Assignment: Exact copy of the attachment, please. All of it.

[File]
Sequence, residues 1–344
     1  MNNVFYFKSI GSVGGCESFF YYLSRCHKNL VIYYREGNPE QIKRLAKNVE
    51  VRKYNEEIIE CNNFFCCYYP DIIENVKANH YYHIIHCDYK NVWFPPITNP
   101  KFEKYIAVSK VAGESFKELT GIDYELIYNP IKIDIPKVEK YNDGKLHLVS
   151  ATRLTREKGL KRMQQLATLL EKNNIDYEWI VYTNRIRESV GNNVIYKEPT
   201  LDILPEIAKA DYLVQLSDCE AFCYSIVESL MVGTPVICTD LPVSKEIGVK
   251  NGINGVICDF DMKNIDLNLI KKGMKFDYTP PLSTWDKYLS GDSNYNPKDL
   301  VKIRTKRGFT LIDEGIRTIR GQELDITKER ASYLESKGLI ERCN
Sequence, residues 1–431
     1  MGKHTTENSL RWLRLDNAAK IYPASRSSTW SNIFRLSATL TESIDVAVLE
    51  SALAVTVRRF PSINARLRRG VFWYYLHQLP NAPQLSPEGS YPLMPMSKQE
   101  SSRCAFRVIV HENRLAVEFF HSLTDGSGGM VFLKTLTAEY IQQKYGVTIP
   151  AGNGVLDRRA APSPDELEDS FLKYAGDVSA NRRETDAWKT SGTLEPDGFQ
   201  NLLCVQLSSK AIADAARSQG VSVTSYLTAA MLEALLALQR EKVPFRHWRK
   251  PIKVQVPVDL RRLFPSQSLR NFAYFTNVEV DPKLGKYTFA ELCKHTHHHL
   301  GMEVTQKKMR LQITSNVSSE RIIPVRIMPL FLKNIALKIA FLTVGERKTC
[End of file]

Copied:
Sequence, residues 1–344
     1  MNNVFYFKSI GSVGGCESFF YYLSRCHKNL VIYYREGNPE QIKRLAKNVE
    51  VRKYNEEIIE CNNFFCCYYP DIIENVKANH YYHIIHCDYK NVWFPPITNP
   101  KFEKYIAVSK VAGESFKELT GIDYELIYNP IKIDIPKVEK YNDGKLHLVS
   151  ATRLTREKGL KRMQQLATLL EKNNIDYEWI VYTNRIRESV GNNVIYKEPT
   201  LDILPEIAKA DYLVQLSDCE AFCYSIVESL MVGTPVICTD LPVSKEIGVK
   251  NGINGVICDF DMKNIDLNLI KKGMKFDYTP PLSTWDKYLS GDSNYNPKDL
   301  VKIRTKRGFT LIDEGIRTIR GQELDITKER ASYLESKGLI ERCN
Sequence, residues 1–431
     1  MGKHTTENSL RWLRLDNAAK IYPASRSSTW SNIFRLSATL TESIDVAVLE
    51  SALAVTVRRF PSINARLRRG VFWYYLHQLP NAPQLSPEGS YPLMPMSKQE
   101  SSRCAFRVIV HENRLAVEFF HSLTDGSGGM VFLKTLTAEY IQQKYGVTIP
   151  AGNGVLDRRA APSPDELEDS FLKYAGDVSA NRRETDAWKT SGTLEPDGFQ
   201  NLLCVQLSSK AIADAARSQG VSVTSYLTAA MLEALLALQR EKVPFRHWRK
   251  PIKVQVPVDL RRLFPSQSLR NFAYFTNVEV DPKLGKYTFA ELCKHTHHHL
   301  GMEVTQKKMR LQITSNVSSE RIIPVRIMPL FLKNIALKIA FLTVGERKTC